Updated: Feb 28, 2017
This page is dedicated to the Fiat & Abarth stuff I’ve collected over the years that doesn’t deserve its own page.
An Abarth tachometer bezel. It sits on the left side of the standard instrument cluster and houses a Jaeger mechanical tachometer as seen in the picture on the right. This bezel is in excellent condition. Anybody in need of one? Make me an offer.
An Abarth radiator. The core section is larger than the standard 600/D core. You’ll notice the bottom right corner where the stud that connects to the body is raised up. You can see it very well in the lower right-hand corner in the picture to the right.
An Abarth auxiliary radiator. It’s marked by FIRSAT and is mounted up front or underneath the car just in front of the transaxle.
Abarth exhaust hole cover. I need to weld this one up, and it’ll be good as new. You can see it on the left side on the picture to the right.
Dual wiper blades. Mine is missing a Koala wiper blade. Interestingly, this set has three brands of hardware. The wiper blade is Koala, the section that attaches to the car is Arman & C, and the section with the screws is Motorcraft – I think, it’s hard to make out. You can see it in the picture on the right.
An Abarth steering wheel, similar to the one on the right.
The Graf kit. It’s a pretty cool piece that replaces the timing chain with an exposed cog belt. It will keep looking awesome even after the belt breaks and you’ve bent your valves. 🙂 I have never seen another Graf kit around, but it’s very similar to the Triger kits you see for sale here (ABA 0338). I was planning to use this on a Fiat 850 until I switched to the Fiat 600D and I had no use for it anymore. – SOLD
A cog belt drive kit. It’s used, of course, to replace the mundane V-belt. I may end up using these. It will depend on if I can attach an EDIS trigger wheel to the crankshaft pulley.
A custom made engine support beam. I’ve always loved the idea of swapping out the stock beam an putting in a sleek one like this to show off the engine more – especially if I have the cogs on. 🙂 The plate sticking up on the right is for mounting a remote oil filter. Since I’m reversing the oil flow on the 903cc engine, I’ll need a place to put the filter.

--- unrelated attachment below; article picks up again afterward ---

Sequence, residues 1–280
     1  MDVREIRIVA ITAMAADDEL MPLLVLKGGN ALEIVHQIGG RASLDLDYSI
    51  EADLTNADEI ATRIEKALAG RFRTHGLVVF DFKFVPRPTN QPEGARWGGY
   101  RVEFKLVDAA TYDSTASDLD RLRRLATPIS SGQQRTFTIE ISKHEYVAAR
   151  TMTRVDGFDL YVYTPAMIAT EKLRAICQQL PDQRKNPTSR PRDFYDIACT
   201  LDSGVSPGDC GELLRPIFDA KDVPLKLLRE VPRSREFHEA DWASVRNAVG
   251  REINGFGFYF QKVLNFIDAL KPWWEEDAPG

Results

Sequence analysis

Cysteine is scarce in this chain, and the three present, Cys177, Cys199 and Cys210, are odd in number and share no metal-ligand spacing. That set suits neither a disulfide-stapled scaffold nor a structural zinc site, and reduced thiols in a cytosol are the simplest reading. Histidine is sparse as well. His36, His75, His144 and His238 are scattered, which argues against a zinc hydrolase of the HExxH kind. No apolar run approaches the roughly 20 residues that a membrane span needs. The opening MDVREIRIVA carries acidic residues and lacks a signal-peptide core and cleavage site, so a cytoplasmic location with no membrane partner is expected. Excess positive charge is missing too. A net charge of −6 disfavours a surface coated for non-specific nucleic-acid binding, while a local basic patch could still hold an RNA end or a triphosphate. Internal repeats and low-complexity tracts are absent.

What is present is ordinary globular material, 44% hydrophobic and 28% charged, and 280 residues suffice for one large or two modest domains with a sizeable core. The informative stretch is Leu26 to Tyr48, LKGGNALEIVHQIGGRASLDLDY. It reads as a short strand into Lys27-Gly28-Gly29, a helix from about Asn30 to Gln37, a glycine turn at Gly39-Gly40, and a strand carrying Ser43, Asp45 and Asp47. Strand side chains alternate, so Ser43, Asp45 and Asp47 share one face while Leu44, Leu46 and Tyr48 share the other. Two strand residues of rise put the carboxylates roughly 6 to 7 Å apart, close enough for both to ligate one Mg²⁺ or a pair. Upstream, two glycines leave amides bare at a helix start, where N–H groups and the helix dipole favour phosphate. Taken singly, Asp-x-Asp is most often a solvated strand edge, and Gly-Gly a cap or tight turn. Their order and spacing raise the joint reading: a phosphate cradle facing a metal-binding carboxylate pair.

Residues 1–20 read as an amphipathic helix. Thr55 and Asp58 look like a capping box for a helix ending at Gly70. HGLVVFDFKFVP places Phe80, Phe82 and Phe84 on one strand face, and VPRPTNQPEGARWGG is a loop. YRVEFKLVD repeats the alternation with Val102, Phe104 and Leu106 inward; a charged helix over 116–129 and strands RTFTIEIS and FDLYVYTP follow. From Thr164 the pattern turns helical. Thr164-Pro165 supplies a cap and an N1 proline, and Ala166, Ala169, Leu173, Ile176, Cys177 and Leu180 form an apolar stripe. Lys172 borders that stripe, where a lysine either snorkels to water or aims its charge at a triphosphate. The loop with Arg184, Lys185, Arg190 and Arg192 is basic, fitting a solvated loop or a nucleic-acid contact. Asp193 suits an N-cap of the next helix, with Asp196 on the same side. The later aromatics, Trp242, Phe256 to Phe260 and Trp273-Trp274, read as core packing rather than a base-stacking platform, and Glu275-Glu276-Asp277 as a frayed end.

The front sway bar from an Abarth 850TC or 1000 Berlina. There is a really good picture (above right) of it on Supplemental Page 7 of the Abarth 1000 Berlina Homologation paper. (See my post Fiat & Abarth Documents and The Stinger for download.)
New, vintage BWA wheels made in July of 1969 still in the box. 🙂 BWA stands for Benzoni Wheel Accessories (A. Benzoni & C. Srl.), based in Italy. I have written them to see if they can identify the model for me, but they have not answered. They should look very nice, though!
Steel main caps. These steel main-bearing caps are much stronger than the stock cast iron caps and will really stabilize the crankshaft. They are precision machined to key into the block and make it more stable, too. All that would necessary is to have the block and new bearing caps line bored. They don’t have any oil line holes, but that’s good because they would get blocked anyway when reversing the oil flow.
Tripod CV-joint conversion from MotoMax in Poland. This kit replaces the rubber coupler with a tripod CV-joint. I’ll probably try this at some point when the 903cc goes in.
If you want to change your generator over to an alternator like I do, you don’t have to spend $150+ on those single-wire racing alternators – unless you really want to. The one I purchased is for Toyota forklifts, Lester part number 12180. I purchased it from Pat’s Small Engine Plus for $65.
Here is the ‘Shorty’ water pump made by PBS Engineering (no longer in the Fiat parts business). It’s commonly used as a substitute to the very expensive Abarth water pumps for when you’re moving the radiator up front. Not only is it generally quite a bit less expensive than the Abarth unit, it uses an impeller from Toyota, which means that it’s easy to replace. I believe that the impeller part number is GMB 170-1280 (see the comments section below).
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